U.S. INDUSTRIAL FACTORY WORKERS (Early 20 th Century). Image from: http://mdhsimage.mdhs.org/Library/Images/Mellon%20Images/Z24access/z24-01058.jpg.
Image from: http://mdhsimage.mdhs.org/Library/Images/Mellon%20Images/Z24access/z24-01058.jpg
MaquiladorasThis is the term referring to U.S. owned and operated assembly plants in Mexico, and are located very close to the U.S./Mexican border
These factories have existed in Mexico since the 1960s.
But, with implementing NAFTA in 1994, U.S. and multinational corporations rushed factory operations to Mexico to maximize profits through maquiladoras.
There are over 2,500 maquiladoras along the border.
The work force is comprised of female workers who are paid $4-$6 per day to assemble consumer goods which will be exported back to the U.S. and other regions and sold for much higher prices.
Labor organizers criticize the factory system for the chronic low wages and poor working conditions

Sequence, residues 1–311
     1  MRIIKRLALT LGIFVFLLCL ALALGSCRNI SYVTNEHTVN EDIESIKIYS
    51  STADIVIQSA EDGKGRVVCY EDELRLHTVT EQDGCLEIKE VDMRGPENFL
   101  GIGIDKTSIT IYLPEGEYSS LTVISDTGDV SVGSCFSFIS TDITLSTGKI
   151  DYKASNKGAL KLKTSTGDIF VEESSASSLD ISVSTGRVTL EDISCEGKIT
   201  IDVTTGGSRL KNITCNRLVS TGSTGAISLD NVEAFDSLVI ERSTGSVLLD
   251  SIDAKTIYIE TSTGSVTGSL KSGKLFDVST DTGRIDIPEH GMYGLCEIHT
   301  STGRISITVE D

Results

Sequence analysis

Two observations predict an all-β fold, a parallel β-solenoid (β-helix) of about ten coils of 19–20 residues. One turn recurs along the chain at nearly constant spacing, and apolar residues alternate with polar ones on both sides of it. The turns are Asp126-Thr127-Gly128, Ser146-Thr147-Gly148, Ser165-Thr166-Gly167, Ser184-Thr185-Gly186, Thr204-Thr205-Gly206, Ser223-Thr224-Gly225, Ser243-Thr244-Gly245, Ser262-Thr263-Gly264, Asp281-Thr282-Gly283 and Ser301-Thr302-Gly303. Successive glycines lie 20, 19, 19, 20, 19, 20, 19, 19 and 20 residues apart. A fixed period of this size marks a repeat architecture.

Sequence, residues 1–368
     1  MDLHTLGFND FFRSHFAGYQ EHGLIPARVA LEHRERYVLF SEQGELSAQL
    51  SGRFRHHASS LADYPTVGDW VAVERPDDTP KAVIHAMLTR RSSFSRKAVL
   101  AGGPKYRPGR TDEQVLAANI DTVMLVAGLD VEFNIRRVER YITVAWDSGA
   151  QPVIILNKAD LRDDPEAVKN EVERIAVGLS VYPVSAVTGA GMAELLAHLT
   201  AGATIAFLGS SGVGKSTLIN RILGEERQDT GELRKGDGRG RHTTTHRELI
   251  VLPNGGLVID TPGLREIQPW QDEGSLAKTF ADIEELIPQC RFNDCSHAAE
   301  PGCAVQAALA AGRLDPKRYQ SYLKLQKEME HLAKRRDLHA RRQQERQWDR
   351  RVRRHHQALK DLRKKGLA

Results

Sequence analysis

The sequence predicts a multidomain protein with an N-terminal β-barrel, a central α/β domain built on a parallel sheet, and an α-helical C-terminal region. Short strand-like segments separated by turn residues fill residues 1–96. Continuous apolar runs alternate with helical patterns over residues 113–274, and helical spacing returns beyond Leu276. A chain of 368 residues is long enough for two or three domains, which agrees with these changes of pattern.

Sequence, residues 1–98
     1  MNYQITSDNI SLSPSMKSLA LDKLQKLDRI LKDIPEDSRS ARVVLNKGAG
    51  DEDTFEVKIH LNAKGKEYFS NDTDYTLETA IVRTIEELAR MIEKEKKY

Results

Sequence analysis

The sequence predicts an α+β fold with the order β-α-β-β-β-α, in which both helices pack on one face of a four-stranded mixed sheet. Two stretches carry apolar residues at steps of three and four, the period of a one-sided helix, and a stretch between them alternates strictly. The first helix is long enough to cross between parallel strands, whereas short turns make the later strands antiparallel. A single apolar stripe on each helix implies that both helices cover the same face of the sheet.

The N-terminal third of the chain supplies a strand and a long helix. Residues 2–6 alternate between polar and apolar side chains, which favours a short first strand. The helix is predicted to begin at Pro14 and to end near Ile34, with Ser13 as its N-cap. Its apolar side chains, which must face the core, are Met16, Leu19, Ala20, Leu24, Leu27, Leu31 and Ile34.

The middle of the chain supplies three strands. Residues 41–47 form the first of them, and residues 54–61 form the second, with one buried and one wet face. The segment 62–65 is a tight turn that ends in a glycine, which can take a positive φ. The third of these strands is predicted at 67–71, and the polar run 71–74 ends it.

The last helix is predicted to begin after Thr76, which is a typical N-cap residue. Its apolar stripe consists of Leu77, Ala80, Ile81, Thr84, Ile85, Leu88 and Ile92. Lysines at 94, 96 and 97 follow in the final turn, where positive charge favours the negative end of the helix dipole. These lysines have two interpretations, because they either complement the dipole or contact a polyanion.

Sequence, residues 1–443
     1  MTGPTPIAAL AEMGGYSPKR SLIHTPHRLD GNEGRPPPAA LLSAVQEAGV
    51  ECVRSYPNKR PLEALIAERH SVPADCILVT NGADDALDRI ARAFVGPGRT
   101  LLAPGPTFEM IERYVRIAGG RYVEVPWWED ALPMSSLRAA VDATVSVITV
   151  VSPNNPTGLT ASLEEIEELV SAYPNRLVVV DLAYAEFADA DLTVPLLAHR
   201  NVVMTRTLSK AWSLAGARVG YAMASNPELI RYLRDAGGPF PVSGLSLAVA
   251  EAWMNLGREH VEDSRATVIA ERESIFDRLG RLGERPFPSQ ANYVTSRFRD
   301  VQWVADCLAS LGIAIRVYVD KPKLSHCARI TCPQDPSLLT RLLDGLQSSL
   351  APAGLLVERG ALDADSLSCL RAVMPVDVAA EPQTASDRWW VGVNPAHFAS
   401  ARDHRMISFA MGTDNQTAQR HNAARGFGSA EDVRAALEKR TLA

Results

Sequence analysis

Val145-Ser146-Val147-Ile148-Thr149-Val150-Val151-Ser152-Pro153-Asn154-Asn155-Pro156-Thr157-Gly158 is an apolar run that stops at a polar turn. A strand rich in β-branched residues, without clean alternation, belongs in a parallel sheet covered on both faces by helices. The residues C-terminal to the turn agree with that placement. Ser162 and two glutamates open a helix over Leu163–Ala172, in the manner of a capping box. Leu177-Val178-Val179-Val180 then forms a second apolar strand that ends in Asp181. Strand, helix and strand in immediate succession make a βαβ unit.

In Juarez alone there are over 220,000 workers employed in 300 factories.
Since 1993, over 400 women have been murdered here.
Many were employed in the Maquiladoras. Many more have been raped, tortured, and over 70 women have “disappeared”.
Many of the maquiladora shifts run late into the evening hours, and returning home during this time frame has become extremely dangerous.
The problem of the maquiladoras continues and the families of the murdered and “disappeared” female maquiladora workers in Ciudad Juarez are still looking for justice.
To date, only a handful of the murders have been solved. Mexican officials have done little to find the killers.
As the problems of industrialization in the early 20th century in the U.S. brought cries for reform, the voices from Juarez and other maquiladora towns along the border also demand change, as well.